When Brother Francis, Abbot of the Salesian Monastery, travels to Kauai, Hawaii, to present a workshop at a retreat center and speak at a Martin Luther King ecumenical celebration, this frequent-flyer monk discovers there is a fine line between spirituality and magic.
In this fifth complete book in a series of monastic mysteries, the magical island of Kauai, Hawaii, provides a fragrant setting for Brother Francis as he continues on his spiritual path while ministering as a clinical psychologist and doctor of natural medicine. During his month-long journey, Brother Francis encounters a gentle Daoist named Tian Wu, whose wife, Effie, a psychic, has just been murdered. There may be more to this event than meets the eye, and it brings out the sleuth in Brother Francis—along with a very special type of magic.
Meanwhile, back in Pennsylvania at the Salesian Monastery, the monastics must deal with the death of one of their own, coupled with a peculiar visit by a pair of CIA agents. Danger, death, and detective work are woven into this fifth volume in the Office of the Dead monastic mystery series, where not everything is at it seems.
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Readers of all ages laud Seif’s monastic mystery novels as informative reading wrapped in an enticing murder mystery. Though the books don’t feel instructive, they are full of details about life in a monastery, meditation, clinical psychology, Chinese and Natural medicine, and travel to other locales. This latest installment is sure to please audiences as well.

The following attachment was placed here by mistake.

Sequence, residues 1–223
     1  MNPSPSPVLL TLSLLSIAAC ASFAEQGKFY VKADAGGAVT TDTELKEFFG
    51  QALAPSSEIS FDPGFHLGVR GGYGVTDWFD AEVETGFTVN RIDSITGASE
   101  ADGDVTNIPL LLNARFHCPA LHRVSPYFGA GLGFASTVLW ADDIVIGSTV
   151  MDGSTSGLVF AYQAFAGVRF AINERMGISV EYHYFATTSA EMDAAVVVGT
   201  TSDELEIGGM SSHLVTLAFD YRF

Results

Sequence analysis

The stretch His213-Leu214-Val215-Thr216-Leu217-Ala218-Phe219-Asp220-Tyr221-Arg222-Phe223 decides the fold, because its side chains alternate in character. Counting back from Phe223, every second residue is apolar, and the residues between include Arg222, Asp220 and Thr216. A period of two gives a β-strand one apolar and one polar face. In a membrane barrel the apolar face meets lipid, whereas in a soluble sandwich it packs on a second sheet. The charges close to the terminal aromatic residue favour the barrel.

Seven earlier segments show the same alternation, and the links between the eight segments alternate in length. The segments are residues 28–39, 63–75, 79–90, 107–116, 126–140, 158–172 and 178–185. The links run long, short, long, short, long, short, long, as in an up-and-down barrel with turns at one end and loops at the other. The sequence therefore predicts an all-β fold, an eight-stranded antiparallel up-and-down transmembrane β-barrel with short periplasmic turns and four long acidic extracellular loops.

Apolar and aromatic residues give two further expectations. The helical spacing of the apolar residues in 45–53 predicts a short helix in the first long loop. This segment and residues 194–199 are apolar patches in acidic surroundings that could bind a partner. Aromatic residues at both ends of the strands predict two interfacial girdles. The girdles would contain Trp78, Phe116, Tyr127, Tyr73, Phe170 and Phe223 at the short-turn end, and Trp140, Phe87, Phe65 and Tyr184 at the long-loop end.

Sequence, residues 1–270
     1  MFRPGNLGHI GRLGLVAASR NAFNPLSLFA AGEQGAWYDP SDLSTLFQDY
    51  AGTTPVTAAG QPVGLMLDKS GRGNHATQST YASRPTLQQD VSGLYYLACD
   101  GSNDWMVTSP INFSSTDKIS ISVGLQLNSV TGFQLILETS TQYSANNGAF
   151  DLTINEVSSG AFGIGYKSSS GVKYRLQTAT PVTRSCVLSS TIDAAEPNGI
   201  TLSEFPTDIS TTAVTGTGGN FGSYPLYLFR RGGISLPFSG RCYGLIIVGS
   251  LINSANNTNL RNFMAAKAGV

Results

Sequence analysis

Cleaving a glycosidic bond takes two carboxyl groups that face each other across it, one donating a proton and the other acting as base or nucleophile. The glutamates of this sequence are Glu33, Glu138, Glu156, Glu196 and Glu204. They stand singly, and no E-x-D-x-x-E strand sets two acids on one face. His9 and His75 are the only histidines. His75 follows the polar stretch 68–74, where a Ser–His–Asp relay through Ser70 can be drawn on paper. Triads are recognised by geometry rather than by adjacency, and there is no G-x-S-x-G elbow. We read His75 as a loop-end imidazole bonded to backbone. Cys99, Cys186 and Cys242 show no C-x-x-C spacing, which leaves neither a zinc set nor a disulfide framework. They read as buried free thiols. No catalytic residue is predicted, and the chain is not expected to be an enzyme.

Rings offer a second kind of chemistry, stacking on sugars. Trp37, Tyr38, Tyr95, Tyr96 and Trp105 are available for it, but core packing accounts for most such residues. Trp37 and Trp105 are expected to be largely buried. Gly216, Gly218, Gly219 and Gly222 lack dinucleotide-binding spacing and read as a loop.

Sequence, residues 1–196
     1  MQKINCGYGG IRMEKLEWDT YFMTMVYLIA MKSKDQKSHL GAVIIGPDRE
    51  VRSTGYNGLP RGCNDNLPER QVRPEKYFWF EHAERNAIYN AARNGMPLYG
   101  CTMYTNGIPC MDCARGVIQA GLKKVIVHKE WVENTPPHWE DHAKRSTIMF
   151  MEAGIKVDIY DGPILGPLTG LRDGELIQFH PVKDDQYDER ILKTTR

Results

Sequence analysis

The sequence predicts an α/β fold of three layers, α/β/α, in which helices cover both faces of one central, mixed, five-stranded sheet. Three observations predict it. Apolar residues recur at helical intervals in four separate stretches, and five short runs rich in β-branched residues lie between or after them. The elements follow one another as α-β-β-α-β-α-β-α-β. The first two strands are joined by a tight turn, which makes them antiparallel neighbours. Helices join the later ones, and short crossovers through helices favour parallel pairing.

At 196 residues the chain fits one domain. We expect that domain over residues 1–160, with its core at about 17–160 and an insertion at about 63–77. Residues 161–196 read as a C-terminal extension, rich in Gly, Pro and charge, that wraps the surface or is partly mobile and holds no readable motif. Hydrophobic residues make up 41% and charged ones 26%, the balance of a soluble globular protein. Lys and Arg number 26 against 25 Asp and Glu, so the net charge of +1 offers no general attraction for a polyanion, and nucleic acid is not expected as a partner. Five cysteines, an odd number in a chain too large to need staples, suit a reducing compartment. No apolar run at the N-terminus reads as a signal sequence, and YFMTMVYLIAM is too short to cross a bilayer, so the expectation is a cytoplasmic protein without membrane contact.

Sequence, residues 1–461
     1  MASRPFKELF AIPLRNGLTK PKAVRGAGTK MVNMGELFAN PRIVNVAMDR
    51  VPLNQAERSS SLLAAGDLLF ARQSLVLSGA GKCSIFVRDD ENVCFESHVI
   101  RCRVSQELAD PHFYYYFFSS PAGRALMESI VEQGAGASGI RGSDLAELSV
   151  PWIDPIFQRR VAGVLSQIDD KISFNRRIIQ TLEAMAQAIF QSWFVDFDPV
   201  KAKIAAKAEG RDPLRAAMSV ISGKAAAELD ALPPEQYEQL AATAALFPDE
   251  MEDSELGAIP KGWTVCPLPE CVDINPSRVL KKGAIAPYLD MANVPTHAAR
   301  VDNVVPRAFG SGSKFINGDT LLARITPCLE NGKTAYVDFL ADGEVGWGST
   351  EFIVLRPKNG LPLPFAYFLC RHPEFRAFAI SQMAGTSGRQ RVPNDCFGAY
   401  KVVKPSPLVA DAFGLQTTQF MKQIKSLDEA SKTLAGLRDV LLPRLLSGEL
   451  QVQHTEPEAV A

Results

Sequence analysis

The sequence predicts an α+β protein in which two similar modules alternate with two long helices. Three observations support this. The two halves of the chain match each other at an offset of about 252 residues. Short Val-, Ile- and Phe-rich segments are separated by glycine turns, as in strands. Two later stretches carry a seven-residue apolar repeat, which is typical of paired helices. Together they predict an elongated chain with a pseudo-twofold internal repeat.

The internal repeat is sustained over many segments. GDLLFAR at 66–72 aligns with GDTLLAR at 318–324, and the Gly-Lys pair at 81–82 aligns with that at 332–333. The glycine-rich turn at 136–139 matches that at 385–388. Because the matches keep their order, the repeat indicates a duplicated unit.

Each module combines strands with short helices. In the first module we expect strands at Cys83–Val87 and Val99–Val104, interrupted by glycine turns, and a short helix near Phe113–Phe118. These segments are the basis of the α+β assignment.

PROLOGUE That person makes my blood boil! The others do too. All that Holy Roller talk. I’m sick of it. There are going to be some changes made. Water softly lapping at the shore offered a gentle contrast to the inner storm that was raging. Disjointed thoughts continued to feed an ever-increasing inner fire. What about me? I’ve got some spiritual qualities too. What’s the difference between what I do and what that type of person does? It’s clear that I need to take things in hand and not just wait for them to change. A huge pile of gray boulders, darkened with age and ceremonial use, appeared timeless and immovable in the path of the more-than-agitated person. They loomed above, outlined by the rapidly fading daylight. Faith can move mountains; certainly these boulders can be moved. I can also move a few people, perhaps to another dimension. Praying them out of my life may do it--just like magic! There are some other options too. A storm was brewing. Gathering clouds obliterated any hope of seeing the sun finish setting. Palm branches began wobbling in the breeze like scores of drunken kites. They slapped against the trunks of the trees over and over again. My shrink says I have ego problems. What a laugh! She’s the one with the problems, not me. The last one said that I was threatened by the success of other people in my life. I’m the one who has been successful. What do I care about them? A jagged spear of lightening vaulted through the sky and illuminated the beach for miles around. The thought came in that instant also. Maybe I’ll have to kill someone. That might just fix everything. CHAPTER 1 It wasn’t a great Abbey church; it was a simple monastery Oratory. The chant did not resonate within the stones of a cavernous edifice, but rather reverberated gently within the wooden panels of the small building. The arched hip roof of the barn-like structure seemed to gather the voices together and then offer them back to one another in unison. “O Wisdom, O Living Word of God, you touch all of creation with your strong yet tender care. Come and show your people the way to live good and holy lives.” Advent--the monastic community was already well into another new liturgical year--and soon Christmas would follow. The community loved the “O antiphons,” as they were called. One was sung each day in the octave prior to the Solemnity of Christmas—Christ made human in Jesus and in each person. Evening Prayer, more commonly known as “Vespers,” was chanted together or prayed privately, when necessary, at each sundown. Before and after “Mary’s Canticle,” which was sung in gratitude for the graces of each day, a brief phrase or “antiphon” was chanted. During the eight days prior to Christmas every ancient antiphon always began with the word “O,” thus the name O antiphons. Each O antiphon added a name for the Messiah after the O. On December seventeenth, the beginning of the octave, the Messiah was honored as Wisdom. The monastic community of about five monks and nuns needed all the wisdom they could muster. The monastery numbered about five members because life happens—even in a monastery. People move in for a while to test their vocations—to see if they truly belong—and may move out again. Sometimes they are voted out. This is a painful process but usually the candidate eventually realizes that his or her dismissal is for the best. Guests who come for retreat or for a simple day of prayer change the number too. Friends of the monastery sometimes visit or pray with the community, which adds to the ebb and flow. Life happens, and sometimes death happens, but let’s not get ahead of ourselves. Toward the end of Morning and Evening Prayer there is a series of petitions or intercessions, prayers for the various needs of the world. Those who celebrate the Liturgy of the Hours (the “Divine Office” or simply the “Office” in older parlance) are called by the Church to remember all the needs of God’s people in a special way at these times. The Vesper liturgy allows for a pause wherein those celebrating this Office can offer spontaneous prayers for the sick, the dying, the needs of others. These are offered in a general way but people can add specific names to the intercessions if so led. “For all the sick, especially for our Brother Benedict,” whispered Sister Scholastica in her soft but distinctly clear voice. Her salt and pepper hair tucked neatly under the band of her simple dark blue veil, Sister Scholastica measured “close to five feet on a good day” as she typically put it. The veil, gray tunic, and blue scapular which was worn over the tunic, were a mix of ancient and modern. The garb on the body of the monastics dated back to the Middle Ages; the modified veils of the nuns an expression of Church changes since Vatican Council II. Sister Scholastica entered the monastery in her forties and had taken her solemn or perpetual vows only months before. She seemed so very happy. It must be admitted that one or two of her sisters and brothers in monastic life sometimes wondered about her background prior to entrance, but the nun was rather tight-lipped about that. She had taken a Postulant (a candidate who has already made a one-month Observership and who returned to try out the life in earnest) under her wing last year and even this person, Anthony, didn’t get anything specific out of her. Just as Clare, a woman on retreat for several weeks at the Salesian Monastery, was opening her mouth to pray for the needs of the poor, a bell frantically rang out in the distance. The only other bell in the complex of three buildings was in the main house. The Oratory was a separate building and there was a bell there to call the community to prayer but it was the house bell that was clanging. Sister Jane de Chantal was Prioress, in charge of many things, especially when Abbot Francis was away. She calmly and quietly slipped out of the Oratory to check on the reason for the sounding of a bell which usually called people to meals or to community meetings (called “Chapter” because a chapter of the Rule was read at the beginning of the gathering). The others continued praying, a bit distracted but trying to remain faithful. Such is the stuff of monastic observance. Usually cool and unshaken, Sister Jane returned hurriedly and whispered something into the Abbot’s ear. An Abbot or Abbess is the leader and symbol of unity in a monastic community. A Prior or Prioress assisted in the process. Brother Francis, the Abbot, was just giving the final blessing at the end of Vespers. He left immediately rather than staying after the ceremony for a few moments of quiet prayer as was his normal custom. The others followed, perhaps more out of unmortified curiosity than in an effort to help if needed. There was indeed an emergency. Brother Benedict was lying on the floor by the stove in the kitchen area of the monastery great room, just below the bell rope. Sister Jane and Brother Francis could see that the little monk was breathing. He had wandered out of his room, just off the great room, which contained kitchen, dining area, and living room, and then stumbled. Brother Benedict had lost about fifty pounds during the recent months of his illness. His short gray beard, which used to give him a gnome-like appearance, now added to his elderly persona. “Let’s check for broken bones before we move him,” mumbled Brother Francis, more to himself than to anyone in the now filling room. He gently prodded and poked the man who was his senior by about ten years in age, but much his junior in monastic life. Brother Benedict had been married and a father to one child prior to his entrance into the monastery about fifteen years ago. This was unusual but not impossible, especially after the changes ushered in by Vatican Council II. “Everything accounted for?” quipped Sister Jane. She had a way...